5.2.2.1
 High tone (sonorants) .................................................................................................... 148
 5.2.2.2
 Low tone (sonorants) ..................................................................................................... 150
 5.2.2.3
 Rising tone (sonorants) .................................................................................................. 152
 5.2.3
 Discussion.............................................................................................................................. 155
 5.2.4
 Conclusion ............................................................................................................................. 156
 5.3
 Tone representation in Quiaviní Zapotec and formal account .................................................... 158
 5.3.1
 Level tones............................................................................................................................. 162
 5.3.2
 Contour tones......................................................................................................................... 167
 5.4
  Conclusions .................................................................................................................................. 173
  Chapter 6: Non-modal phonation in Quiaviní Zapotec ........................................................................ 174
 6.1
  Introduction .................................................................................................................................. 174
  6.2
  Brief typology of phonation types................................................................................................. 175
  6.3
 Breathy vowels ............................................................................................................................. 178
 6.3.1
 Introduction ........................................................................................................................... 178
 6.3.2
 Breathy-L............................................................................................................................... 179
 6.3.3
 Breathy-F ............................................................................................................................... 182
 6.3.4
 Munro and Lopez (1999): Breathy vowels............................................................................ 184
 6.3.5
 Interim summary: Breathy vowels ........................................................................................ 186
 6.4
  Creaky vowels .............................................................................................................................. 187
  iv  6.4.1
 Introduction ........................................................................................................................... 187
 6.4.2
 Creaky-H ............................................................................................................................... 188
 6.4.3
 Creaky-L................................................................................................................................ 190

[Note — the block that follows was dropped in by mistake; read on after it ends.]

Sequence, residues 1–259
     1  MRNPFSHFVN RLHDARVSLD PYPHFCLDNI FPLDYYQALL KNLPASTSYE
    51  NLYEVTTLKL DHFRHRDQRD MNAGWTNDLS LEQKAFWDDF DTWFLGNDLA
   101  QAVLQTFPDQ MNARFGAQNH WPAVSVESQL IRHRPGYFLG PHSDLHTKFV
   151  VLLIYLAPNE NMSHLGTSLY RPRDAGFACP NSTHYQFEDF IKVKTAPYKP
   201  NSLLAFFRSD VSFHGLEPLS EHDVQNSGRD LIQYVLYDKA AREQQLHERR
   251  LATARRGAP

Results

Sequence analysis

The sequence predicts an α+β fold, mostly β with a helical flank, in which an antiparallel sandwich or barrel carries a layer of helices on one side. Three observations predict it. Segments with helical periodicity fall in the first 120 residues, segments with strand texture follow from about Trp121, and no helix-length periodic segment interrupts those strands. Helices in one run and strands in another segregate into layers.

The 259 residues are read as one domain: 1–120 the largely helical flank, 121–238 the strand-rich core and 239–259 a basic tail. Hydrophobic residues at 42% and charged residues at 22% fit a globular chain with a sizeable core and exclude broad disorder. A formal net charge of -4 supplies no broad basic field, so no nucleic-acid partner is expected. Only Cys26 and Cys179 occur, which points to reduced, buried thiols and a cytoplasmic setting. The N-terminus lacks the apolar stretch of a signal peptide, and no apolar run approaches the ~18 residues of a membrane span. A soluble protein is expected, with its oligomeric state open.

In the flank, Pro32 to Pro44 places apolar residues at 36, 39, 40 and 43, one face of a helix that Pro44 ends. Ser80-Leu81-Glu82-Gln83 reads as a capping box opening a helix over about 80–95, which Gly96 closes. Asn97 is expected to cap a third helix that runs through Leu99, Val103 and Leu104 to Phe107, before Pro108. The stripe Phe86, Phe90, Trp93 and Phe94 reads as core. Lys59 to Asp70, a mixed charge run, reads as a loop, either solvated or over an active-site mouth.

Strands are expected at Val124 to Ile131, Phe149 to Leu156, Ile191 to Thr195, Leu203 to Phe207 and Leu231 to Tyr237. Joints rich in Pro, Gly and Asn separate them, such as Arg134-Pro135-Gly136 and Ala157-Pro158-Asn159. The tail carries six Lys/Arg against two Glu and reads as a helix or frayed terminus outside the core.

6.4.4
 Creaky-F ................................................................................................................................ 192
 6.4.5
 Munro and Lopez (1999): Creaky vowels............................................................................. 196
 6.4.6
 Acoustic experiment: Creaky vowels .................................................................................... 201
 6.4.6.1
 Introduction.................................................................................................................... 201
 6.4.6.2
 Methods ......................................................................................................................... 201
 6.4.6.3
 Results............................................................................................................................ 204
 6.4.6.4
 Discussion...................................................................................................................... 209
 6.4.7
 Interim summary: Creaky vowels ......................................................................................... 210
 6.5
 Interrupted vowels........................................................................................................................ 211
 6.5.1
 Introduction ........................................................................................................................... 211
 6.5.2
 Interrupted-H ......................................................................................................................... 214
 6.5.3
 Interrupted-L.......................................................................................................................... 220
 6.5.4
 Interrupted-F.......................................................................................................................... 223
 6.5.5
 Munro and Lopez (1999): Interrupted vowels....................................................................... 225
 6.5.6
 Acoustic experiment: Interrupted vowels.............................................................................. 227
 6.5.6.1
 Introduction.................................................................................................................... 227
 6.5.6.2
 Methods ......................................................................................................................... 228
 6.5.6.3
 Results............................................................................................................................ 231
 6.5.6.4